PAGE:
China’s Communist Party has tightened up on the state’s tacit ties to social media in the past two years as part of efforts to root out “social parasites.”
The party “has prioritized the elimination of corruption and targeted social security fraud and financial crimes,” said Amy Liu, co-founder of the social media monitoring firm Kaspersky Lab China, as she discussed the challenge of monitoring what the Chinese authorities are saying online, as well as who is engaging in online “schemes.”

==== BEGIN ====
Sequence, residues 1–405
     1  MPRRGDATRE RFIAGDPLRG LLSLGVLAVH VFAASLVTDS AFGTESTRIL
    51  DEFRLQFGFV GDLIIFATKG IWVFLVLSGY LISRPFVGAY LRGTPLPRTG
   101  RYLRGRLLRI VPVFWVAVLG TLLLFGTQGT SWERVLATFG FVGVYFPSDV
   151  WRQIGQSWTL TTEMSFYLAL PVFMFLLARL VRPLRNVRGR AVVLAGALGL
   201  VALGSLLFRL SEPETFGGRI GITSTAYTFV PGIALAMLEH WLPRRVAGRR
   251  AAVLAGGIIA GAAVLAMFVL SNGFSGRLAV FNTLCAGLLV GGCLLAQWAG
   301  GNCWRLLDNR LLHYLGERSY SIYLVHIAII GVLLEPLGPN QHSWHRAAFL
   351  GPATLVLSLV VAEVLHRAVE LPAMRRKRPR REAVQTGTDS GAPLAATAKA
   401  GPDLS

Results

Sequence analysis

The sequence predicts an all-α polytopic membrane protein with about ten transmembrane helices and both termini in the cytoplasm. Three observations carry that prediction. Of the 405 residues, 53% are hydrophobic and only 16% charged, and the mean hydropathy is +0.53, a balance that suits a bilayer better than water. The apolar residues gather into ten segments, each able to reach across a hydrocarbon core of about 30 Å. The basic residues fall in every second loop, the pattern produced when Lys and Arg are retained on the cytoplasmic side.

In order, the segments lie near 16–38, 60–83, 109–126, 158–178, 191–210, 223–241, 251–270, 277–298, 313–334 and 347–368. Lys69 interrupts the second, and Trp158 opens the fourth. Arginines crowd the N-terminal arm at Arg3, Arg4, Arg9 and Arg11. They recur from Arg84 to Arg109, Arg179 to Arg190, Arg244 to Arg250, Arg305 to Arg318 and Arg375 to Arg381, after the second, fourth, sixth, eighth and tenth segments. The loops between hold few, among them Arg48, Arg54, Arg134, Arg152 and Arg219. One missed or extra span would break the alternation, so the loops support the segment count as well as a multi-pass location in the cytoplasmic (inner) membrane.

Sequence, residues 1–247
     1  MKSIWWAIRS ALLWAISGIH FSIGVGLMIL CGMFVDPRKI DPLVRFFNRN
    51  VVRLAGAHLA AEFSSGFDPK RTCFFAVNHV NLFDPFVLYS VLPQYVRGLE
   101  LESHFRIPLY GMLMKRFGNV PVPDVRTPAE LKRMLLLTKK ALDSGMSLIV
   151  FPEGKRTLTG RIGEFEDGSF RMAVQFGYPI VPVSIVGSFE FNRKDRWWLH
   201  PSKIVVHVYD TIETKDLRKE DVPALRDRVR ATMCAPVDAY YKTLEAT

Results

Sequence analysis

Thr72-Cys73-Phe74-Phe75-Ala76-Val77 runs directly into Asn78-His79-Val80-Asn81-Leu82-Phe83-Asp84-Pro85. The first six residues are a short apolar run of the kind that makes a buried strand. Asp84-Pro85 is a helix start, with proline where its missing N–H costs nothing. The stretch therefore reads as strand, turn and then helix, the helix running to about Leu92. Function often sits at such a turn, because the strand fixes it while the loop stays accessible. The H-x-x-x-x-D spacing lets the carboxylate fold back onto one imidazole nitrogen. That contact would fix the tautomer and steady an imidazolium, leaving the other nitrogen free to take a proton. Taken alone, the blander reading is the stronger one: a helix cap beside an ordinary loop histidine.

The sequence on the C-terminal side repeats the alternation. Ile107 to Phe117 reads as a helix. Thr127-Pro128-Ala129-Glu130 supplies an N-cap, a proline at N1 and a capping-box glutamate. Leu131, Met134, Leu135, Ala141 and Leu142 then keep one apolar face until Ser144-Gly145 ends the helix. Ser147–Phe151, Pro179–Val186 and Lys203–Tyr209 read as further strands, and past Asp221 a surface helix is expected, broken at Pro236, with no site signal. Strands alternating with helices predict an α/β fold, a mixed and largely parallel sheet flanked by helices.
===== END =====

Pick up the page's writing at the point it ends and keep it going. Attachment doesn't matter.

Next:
The efforts come as China’s Internet continues to undergo immense growth, with foreign companies increasingly operating in the country. Facebook and Twitter have been blocked on Chinese government servers for several years, and Instagram, Vine and YouTube still remain behind. Both social networks continue to trade freely on the gray market, however.
But as the number of Chinese Internet users explodes, with the Communist Party hoping to corral the much larger number of digital natives, the government is cracking down on online dissent, activists and “online schemes.”
“You’re seeing a much more targeted, execution-style approach,” said Lin Yue, an analyst who works for Datamonitor in Beijing. It’s “not one click at a time.”